Thali, Dogs and Darkness

On the Go

38-40 of Subhuti’s Pune Diaries

These three excerpts were written in February/March 2014.
Read previous sections of The Pune Diaries

Pune Diary 38: Tune of the Thali

There is no menu in this restaurant. They don’t ask you what you’d like to eat. You get what you’re given and that’s enough.

I like to get there about 12:50 pm, just before the rush.

Nitin and Gita with thali

It’s a five minute stroll from the resort’s back gate: walk to the end of Lane 2, risk life-threatening injuries by crossing North Main Road, enter Lane C, passing where the Ganesh temple used to be, ignore Buddha Paradise and steadily penetrate deeper and deeper into Rag Vilas… turn left, turn right… and there it is…

When you see it for the first time, you may think, “Hey, this isn’t a restaurant, it’s just a house!”
True enough. It’s a house – with a living room converted into a restaurant.

The décor is functional. The seating Spartan. You sit on the floor on long red plastic cushions, or on plastic chairs outside in a covered corner of the yard.

In spite of my advancing years and stiffening limbs, I can still manage to squeeze into a space on the floor, sitting in a semi-lotus position.

Other customers include ageing hippies who somehow forgot to leave Pune, devotees of Dolano, students of various yoga schools and an occasional local businessman. But mainly the clientele consists of sannyasins like me.

Three or four large cooking pots stand in a row on a side table. Their contents are freshly cooked, waiting for the lunchtime crowd.

Almost immediately, after sitting down, a round silver plate is set in front of me, which invariably contains: a silver bowl of dal, a smaller bowl of beans or some special kind of veg, and a bigger mix of subji – cooked mixed vegetables – served on the plate itself.

Indians take rice later, but Westerners like it with the main course, so my plate has a generous dollop of white rice as well.

Rotis come flying off the stove, where they are toasted over a naked flame, arriving all hot and puffy. There’s no space here for a roti oven, but the gas ring on the stove does a fair job of making this round-style traditional bread.

You can eat as much as you like. Personally, I never get beyond two helpings of everything, but, theoretically at least, you can go on… and on….

Overseeing the process are Nitin and Gita. They opened their restaurant about eight years ago, naming it ‘Raga’ – the Hindi word for ‘tune’ or ‘melody’ – and have been doing a fair trade ever since.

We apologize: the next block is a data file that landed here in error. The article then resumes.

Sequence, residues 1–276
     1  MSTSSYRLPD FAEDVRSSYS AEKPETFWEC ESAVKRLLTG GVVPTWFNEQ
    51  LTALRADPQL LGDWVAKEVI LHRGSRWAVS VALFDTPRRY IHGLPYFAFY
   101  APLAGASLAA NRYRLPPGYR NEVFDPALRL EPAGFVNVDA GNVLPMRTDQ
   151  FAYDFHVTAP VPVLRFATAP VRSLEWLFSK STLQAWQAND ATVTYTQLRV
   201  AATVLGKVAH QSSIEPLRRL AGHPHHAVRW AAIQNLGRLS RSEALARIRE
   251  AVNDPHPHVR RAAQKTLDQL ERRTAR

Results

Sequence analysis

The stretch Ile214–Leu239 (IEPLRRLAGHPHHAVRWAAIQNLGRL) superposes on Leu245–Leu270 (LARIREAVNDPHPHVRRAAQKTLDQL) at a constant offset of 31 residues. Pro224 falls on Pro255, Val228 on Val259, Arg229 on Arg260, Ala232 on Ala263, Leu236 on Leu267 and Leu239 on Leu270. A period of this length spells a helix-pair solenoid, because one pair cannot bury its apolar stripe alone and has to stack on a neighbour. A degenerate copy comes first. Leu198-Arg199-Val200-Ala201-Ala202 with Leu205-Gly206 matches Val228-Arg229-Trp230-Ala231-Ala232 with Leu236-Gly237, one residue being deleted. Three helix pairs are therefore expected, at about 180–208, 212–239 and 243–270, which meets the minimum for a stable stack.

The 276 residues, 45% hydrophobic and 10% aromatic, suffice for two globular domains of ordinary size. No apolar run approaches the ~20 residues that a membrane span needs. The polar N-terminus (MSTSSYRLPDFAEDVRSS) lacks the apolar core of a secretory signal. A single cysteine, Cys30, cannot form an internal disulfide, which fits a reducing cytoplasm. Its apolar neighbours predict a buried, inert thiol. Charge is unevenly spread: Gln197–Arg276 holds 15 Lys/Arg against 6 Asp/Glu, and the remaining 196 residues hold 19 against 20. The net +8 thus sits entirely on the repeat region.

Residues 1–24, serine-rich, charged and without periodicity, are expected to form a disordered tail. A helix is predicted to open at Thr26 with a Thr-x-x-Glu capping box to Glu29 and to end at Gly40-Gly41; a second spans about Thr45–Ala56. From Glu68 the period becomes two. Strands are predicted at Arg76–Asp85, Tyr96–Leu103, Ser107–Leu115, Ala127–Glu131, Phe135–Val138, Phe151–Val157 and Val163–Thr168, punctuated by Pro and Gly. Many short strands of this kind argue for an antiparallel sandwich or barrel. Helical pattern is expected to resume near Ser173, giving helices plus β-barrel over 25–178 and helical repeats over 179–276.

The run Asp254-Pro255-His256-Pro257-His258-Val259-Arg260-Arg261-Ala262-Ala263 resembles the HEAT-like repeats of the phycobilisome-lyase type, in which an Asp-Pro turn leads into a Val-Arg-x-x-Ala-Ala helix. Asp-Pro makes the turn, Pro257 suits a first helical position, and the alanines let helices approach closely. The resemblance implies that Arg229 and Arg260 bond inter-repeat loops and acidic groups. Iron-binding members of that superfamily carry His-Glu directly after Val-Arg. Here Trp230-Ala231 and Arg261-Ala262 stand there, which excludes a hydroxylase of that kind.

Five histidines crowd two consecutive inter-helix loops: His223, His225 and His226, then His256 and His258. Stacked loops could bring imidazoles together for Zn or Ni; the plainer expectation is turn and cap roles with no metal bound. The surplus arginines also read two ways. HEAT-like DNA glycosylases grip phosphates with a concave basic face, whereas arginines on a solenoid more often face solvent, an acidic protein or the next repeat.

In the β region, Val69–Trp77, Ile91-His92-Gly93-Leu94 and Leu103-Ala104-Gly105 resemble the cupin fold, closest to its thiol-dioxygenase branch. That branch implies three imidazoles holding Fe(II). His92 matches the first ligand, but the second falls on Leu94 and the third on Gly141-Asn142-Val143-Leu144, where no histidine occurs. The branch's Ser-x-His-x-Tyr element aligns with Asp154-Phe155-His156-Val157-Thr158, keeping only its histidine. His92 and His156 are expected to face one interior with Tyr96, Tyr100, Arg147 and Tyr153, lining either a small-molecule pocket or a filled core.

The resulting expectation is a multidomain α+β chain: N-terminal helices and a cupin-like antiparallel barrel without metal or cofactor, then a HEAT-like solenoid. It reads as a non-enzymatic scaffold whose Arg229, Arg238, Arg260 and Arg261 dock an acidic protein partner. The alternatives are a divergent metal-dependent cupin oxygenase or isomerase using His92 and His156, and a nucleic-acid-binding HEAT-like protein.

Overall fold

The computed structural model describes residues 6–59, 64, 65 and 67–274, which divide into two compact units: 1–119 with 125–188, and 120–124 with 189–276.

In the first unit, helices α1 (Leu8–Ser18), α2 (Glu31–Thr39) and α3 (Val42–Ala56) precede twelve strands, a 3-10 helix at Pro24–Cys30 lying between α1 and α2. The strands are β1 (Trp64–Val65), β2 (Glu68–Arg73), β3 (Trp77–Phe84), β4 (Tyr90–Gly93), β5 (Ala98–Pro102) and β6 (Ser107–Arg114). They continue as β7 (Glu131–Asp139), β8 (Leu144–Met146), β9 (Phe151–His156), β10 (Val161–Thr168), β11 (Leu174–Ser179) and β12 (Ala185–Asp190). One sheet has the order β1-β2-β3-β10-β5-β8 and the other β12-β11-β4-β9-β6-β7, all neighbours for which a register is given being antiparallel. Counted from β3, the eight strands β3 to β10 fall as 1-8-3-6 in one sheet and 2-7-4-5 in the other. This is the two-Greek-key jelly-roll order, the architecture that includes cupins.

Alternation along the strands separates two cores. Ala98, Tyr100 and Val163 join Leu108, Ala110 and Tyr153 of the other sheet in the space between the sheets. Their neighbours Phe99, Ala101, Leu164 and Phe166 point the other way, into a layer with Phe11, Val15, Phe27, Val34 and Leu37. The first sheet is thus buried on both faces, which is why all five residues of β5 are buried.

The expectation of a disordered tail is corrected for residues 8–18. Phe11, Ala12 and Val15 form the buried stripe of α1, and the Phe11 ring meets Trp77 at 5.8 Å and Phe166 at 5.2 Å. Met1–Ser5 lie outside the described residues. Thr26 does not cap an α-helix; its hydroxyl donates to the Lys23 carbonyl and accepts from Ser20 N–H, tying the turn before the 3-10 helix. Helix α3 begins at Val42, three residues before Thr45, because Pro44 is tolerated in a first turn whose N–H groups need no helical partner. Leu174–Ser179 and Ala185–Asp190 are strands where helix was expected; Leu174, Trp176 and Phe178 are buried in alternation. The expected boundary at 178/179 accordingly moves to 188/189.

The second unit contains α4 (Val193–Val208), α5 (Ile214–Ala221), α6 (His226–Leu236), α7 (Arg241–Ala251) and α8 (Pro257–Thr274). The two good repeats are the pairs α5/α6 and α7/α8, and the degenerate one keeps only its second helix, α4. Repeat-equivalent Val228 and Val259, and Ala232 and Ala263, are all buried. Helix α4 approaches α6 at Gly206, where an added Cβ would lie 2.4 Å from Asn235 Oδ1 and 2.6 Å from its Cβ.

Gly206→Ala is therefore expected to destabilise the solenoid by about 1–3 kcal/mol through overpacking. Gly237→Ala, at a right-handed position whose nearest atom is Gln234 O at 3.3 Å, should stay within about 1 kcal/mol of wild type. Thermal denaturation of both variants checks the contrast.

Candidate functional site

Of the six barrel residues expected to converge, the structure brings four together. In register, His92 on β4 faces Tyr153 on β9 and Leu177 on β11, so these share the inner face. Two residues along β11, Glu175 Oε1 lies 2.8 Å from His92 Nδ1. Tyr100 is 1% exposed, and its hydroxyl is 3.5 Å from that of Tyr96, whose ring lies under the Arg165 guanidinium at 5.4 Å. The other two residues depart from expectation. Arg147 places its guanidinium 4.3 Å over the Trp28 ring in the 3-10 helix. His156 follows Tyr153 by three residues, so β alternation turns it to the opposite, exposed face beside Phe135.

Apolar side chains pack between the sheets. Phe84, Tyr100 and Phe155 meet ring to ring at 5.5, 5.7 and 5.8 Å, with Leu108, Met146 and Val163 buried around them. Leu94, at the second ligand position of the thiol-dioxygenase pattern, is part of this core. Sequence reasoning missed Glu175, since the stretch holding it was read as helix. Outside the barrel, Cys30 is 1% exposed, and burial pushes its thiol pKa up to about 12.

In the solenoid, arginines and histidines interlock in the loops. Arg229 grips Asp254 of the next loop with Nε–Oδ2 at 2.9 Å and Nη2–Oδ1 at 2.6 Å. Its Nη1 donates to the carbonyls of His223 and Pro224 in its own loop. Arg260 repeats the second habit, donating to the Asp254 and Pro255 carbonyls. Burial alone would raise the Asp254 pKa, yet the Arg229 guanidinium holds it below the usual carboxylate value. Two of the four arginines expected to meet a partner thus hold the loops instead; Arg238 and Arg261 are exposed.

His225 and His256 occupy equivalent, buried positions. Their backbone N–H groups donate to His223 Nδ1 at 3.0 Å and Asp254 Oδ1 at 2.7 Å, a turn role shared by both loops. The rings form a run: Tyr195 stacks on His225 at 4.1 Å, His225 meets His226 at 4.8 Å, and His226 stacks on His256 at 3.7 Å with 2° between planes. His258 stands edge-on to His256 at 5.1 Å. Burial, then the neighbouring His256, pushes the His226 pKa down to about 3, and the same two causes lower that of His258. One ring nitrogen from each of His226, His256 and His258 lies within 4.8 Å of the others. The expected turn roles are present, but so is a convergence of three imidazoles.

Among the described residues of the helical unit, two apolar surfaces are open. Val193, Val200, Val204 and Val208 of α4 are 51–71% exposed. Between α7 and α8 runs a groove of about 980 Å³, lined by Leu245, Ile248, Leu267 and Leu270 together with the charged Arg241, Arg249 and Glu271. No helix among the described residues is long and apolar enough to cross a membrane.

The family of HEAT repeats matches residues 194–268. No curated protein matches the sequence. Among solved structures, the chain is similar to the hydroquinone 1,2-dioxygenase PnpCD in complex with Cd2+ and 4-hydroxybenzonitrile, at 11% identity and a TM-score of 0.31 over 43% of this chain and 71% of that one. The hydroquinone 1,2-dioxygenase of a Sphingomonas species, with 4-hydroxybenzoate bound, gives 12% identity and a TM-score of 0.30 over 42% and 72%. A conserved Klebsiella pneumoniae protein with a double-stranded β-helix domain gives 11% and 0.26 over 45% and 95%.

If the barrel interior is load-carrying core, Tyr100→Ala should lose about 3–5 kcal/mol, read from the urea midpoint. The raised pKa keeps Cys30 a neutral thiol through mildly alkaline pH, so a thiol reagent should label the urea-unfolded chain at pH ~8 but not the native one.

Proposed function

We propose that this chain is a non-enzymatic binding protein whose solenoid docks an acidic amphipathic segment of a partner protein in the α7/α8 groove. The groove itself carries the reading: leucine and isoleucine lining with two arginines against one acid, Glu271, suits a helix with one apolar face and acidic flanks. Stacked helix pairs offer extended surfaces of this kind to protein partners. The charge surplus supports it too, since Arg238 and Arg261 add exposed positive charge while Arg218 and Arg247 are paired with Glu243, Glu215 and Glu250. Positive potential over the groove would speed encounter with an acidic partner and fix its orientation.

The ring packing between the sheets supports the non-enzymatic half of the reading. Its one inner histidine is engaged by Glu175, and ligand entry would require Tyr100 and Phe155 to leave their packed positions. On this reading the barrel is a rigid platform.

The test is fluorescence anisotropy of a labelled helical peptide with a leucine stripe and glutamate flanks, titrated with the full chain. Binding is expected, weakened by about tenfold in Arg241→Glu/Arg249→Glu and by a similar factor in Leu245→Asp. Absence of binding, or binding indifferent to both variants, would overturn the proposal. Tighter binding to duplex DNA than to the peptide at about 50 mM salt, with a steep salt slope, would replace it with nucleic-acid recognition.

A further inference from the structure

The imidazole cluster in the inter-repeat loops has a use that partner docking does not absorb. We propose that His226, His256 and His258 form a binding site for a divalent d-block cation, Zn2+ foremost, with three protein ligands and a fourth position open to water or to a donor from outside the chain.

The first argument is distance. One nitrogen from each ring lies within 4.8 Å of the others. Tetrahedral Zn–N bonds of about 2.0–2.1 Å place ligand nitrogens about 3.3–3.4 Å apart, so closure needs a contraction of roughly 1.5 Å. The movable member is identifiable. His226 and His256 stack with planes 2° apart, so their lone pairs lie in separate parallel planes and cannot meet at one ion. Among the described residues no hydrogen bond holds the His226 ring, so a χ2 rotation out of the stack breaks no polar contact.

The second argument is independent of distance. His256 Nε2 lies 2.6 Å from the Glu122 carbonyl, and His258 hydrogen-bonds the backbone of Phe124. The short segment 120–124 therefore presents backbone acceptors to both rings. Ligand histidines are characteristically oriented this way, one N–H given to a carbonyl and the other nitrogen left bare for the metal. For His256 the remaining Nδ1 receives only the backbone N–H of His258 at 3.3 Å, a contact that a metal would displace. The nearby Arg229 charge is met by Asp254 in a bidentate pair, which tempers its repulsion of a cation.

They have one offering: thali, a simple, standard meal that’s a central pillar of India’s cultural cuisine. When they started, Nitin and Gita charged 40 rupees per thali – extra, of course, for lassi, curd and chai – but now their price is 80 rupees, reflecting the increase in basic food costs over the years.

There are at least three more places offering thali in the surrounding area. All of them are okay and all about the same price, but I find them either too oily or too spicy for my taste. Raga’s plain and wholesome style hits the spot, for me and many others.

The word ‘thali’ is Hindi for ‘plate’, but it’s come to mean a special combo of rice, dal, roti and subji, plus a few optional extras like curd and pickle. Here at Raga, it’s pretty basic but in a fancy restaurant the number of bowls per plate increases dramatically.

For a five-star thali, there used to be nothing better than Mayur, up on East Street, close to MG Road, but, alas, the place has shut down. Mayur’s thali had at least five or six bowls of veg, plus dal and curd, and a dazzling range of desserts, including shrikhand – my all-time favourite.

In 1977, Haridas, one of Osho’s longtime sannyasins, invited me for my first-ever thali to the Dreamland Hotel, near Pune railway station, where they offered Gujarati-style food, plus dessert on Sundays. Thereafter, we went every Sunday lunchtime.

Thali every day would be boring, so I have a few non-thali options in Koregaon Park, including Yummy Yummy Potatoes – boiled potatoes drowned in an amazing tomatoey-creamy-herby sauce – offered at the Yogi Tree and a generous plateful of avocado salad at Dario’s.

Mostly, though, being a lazy guy, I eat in the resort. But it’s nice to know that, just along the back street, Nitin and Gita’s tuneful thalis are available any time I want.

By the way, Nitin also makes a fair lassi, whipping it up as you watch… sweet, plain, or with fruit. If I take that, too, then it becomes a sizeable meal and a stroll back to the resort is definitely needed to walk it off.

What’s that you say? Stop off at the Plaza café for cappuccino and brownies? Sure, why not….

Pune Diary 39: Kings of the Backstreets

He sits in the middle of the road, where two streets meet, expecting all the cars, motorbikes and bicycles to go around him. The strange thing is, they do! Indians have long been accustomed to the traffic hazard of local stray dogs sitting and lying in the road and usually give way to them.